But there's a catch. (Isn't there always?) Turns out someone wants to keep the beast running wild. And he wants Rhynn out of the way.
That leaves enough room for you to insert some information you think is vital, like why we should care whether Rhynn gets off Xorra.
Monday, October 28, 2013
1. It's been 875 years, and Ian MacNeil is ready to retire from an active life of blood-sucking to Hawaii, where an endless supply of young bodies awaits and he can admire his massive collection of velvet Elvis paintings in peace. All he has to do now is survive the roast his fellow vampires want to give him. It's just a few hours of jokes...isn't it?
2. When Bubbe, the senior center queen, became a late night snack for the undead it put an end to her days of the senior special. But not sleeping all night made her the number one buyer on the shopping channels. How much kitsch can one vampire have?
3. Gus fakes his death and attends his funeral in disguise. There he learns that Brigette had a crush on him. To win her he must return from the dead so he fakes being a vampire. But now he finds himself dealing with actual vampire hunters with their cheap crosses and stakes. Plus, Brigette wants him to turn her so they can spend eternity together.
4. Two vampires buy a gift shop at Myrtle Beach. It's the perfect spot to hunt victims, but Vlad loves being surrounded by plastic mermaids and coffee mugs, while Ramon wants to convert the place into a fine dining establishment. Talk about your odd couple.
5. Sent away to live in exile with other surly teens, Niko soon realizes something sinister lurks in the shadows. Vampires? But unlike the ones on TV they all look hideously dead and smell worse. Maybe they're zombies? No, they are Zombires, a new kind of biting monster that really is impossible to kill.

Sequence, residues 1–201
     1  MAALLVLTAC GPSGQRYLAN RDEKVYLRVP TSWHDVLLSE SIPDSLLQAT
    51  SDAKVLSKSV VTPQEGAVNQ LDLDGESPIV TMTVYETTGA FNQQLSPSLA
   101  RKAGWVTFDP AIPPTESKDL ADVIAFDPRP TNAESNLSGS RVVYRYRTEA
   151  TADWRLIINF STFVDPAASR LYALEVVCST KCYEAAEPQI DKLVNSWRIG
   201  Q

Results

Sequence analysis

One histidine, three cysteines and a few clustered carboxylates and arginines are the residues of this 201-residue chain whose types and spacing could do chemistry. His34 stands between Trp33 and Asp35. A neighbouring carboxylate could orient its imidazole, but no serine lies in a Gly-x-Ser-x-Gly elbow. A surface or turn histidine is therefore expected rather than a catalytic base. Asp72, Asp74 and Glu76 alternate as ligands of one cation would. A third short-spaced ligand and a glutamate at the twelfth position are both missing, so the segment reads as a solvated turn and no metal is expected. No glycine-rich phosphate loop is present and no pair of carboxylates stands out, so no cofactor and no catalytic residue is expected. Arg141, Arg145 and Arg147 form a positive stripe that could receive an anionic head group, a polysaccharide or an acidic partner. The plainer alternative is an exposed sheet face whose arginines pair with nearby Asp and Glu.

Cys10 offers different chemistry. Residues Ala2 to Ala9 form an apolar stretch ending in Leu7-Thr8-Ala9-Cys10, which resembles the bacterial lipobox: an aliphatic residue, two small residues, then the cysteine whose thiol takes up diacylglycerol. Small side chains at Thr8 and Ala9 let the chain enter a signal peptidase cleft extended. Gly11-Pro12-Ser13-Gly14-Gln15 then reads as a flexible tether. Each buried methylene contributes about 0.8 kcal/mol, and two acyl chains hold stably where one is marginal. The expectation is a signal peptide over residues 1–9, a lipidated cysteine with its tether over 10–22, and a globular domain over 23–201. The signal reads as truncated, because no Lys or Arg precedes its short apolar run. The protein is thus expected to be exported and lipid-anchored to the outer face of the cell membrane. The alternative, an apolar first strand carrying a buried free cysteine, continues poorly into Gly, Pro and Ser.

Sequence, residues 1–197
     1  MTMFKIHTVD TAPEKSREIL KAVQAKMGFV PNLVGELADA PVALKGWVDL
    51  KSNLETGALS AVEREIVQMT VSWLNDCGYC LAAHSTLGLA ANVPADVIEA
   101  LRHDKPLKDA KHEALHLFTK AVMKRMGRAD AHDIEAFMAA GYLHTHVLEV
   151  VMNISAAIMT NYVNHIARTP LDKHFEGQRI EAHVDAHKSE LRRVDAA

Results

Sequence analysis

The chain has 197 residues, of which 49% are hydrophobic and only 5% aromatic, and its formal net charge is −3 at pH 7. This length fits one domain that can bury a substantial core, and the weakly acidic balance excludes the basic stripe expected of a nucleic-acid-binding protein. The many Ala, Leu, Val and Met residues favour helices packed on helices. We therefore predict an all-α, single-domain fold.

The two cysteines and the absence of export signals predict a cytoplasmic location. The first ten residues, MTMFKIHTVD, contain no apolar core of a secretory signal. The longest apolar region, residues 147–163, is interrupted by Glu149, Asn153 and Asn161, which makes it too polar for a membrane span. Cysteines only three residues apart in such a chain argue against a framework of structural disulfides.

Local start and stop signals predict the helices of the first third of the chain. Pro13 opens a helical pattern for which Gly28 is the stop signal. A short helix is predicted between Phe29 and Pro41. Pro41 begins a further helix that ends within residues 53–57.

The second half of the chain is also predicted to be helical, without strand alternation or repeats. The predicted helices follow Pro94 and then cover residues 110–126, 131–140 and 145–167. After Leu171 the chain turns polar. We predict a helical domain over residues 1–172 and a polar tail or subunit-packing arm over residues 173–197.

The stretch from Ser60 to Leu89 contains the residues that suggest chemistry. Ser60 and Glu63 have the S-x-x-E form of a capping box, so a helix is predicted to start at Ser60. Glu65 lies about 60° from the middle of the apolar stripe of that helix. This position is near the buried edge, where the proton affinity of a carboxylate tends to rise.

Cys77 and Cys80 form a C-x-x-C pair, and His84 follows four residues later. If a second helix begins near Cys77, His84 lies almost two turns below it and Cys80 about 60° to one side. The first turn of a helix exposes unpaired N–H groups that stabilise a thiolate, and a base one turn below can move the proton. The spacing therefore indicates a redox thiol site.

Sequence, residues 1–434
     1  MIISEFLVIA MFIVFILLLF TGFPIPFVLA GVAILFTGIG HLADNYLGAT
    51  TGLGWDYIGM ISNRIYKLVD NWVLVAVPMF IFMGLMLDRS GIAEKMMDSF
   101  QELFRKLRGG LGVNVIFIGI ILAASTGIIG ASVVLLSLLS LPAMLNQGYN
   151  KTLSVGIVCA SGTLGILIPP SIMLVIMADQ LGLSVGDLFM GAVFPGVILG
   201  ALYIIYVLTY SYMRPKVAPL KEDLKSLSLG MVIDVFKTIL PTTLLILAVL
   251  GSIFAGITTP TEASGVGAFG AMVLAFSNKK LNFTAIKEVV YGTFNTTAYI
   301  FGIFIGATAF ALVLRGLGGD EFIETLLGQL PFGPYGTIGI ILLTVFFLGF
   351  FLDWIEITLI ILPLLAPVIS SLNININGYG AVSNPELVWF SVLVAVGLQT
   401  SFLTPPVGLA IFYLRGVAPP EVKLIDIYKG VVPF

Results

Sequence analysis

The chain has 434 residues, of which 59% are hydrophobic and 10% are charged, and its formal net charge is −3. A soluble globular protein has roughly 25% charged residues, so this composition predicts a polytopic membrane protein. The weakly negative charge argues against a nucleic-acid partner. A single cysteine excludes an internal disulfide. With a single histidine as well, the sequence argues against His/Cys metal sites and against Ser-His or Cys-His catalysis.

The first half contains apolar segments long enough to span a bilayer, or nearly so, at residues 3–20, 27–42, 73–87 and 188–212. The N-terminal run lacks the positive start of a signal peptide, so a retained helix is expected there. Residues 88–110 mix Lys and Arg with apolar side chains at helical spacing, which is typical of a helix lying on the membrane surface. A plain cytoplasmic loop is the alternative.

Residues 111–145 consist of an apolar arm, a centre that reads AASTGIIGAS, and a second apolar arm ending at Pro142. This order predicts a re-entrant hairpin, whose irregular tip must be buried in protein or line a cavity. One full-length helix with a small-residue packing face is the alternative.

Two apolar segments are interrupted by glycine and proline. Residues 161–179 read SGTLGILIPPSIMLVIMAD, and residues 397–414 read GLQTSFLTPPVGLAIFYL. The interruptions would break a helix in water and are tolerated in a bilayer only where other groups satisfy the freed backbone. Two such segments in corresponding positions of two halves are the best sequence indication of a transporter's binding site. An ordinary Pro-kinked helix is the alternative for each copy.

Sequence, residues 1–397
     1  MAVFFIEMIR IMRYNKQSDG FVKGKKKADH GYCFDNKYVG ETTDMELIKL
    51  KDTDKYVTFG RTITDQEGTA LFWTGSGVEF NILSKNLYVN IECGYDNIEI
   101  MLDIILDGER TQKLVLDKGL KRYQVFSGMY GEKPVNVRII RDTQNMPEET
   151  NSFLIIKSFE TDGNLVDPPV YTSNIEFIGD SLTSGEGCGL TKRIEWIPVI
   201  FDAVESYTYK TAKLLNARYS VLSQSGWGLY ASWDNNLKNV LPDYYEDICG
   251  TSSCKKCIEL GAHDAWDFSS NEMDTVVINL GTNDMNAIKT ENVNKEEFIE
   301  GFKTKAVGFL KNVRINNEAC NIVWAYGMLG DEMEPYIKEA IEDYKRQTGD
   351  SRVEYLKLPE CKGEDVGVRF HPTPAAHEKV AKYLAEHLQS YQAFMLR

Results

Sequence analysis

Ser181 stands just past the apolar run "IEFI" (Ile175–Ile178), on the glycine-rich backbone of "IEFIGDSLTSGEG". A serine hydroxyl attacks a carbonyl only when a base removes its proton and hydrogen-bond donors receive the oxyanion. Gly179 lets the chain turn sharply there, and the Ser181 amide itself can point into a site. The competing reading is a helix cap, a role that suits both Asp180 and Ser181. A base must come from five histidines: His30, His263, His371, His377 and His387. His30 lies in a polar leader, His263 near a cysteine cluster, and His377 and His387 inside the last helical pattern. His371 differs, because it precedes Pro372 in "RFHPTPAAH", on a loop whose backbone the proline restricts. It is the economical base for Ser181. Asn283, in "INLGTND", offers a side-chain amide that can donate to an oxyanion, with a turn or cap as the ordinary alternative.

6. High school has been divided into factions since forever. Now Janie, a vampire, and her best friend Lisa, a soft-spoken mummy, plan to change all that.
7. As Josh Booth camps in the north woods, vampires capture him, binding him to a tree. He escapes and warns authorities but Detective Abby Lincoln says he’s crazy. When bodies--drained of blood--are found bound to other trees in the woods, Lincoln thinks Booth is the serial killer.
8. Archeologist Len Bianchi, exploring Rome’s oldest catacombs dating from the third century B.C., opens a crypt releasing Illuvica, the demigod vampire of felines. The Romans sealed her off over two thousand years ago. Now she’s really pissed--especially about that stupid dog thing--and wants revenge on all Italy.
9. Bored with the other vampires in the nest, Lisle goes hunting for fresh companions. Soon she's swarmed by hipsters and wanna-be's. Will she have to bite them all to find the one she wants to keep--forever?
10. Vampires hijack a space shuttle and fly it to the dark side of the moon where they won't have to spend sixteen hours a day in their coffins. But it turns out the dark side isn't always dark when you're on it, and there's no one there whose blood they can drink. Also, there's no air to breathe.
11. After siring four new vampires for Lorenzo, Kaia is entitled to her freedom. At least that's what the Hematophagy Council says. But Lorenzo won't release her unless she comes up with millions of dollars in tribute. If you can't trust a 1000-year-old vampire, who can you trust?
12. 32 year-old Jennie Rogers lied about her age to land a part on TV's "The Rose", a vampire musical dramedy aimed at teens. When hunky production assistant Gabriel Lopez threatens to expose her ruse to the director, Jennie has to decide whether to sleep with him or kill him.
13. Phoebus the vampire would have an easier time wiping out his former clan if he had an ally who was a wivern. Unfortunately, he turned the only wivern in town into a human. And then fell in love with him. Maybe they should just move to Manitoba together and get married.
14. Carels is a venomous vampire whose kiss kills instantly. Hessa is a were-cane toad whose skin secretes poison. Can they make each other happy, or will Hessa's Australian accent and mannerisms hopelessly offend Carels' haughty Silesian family?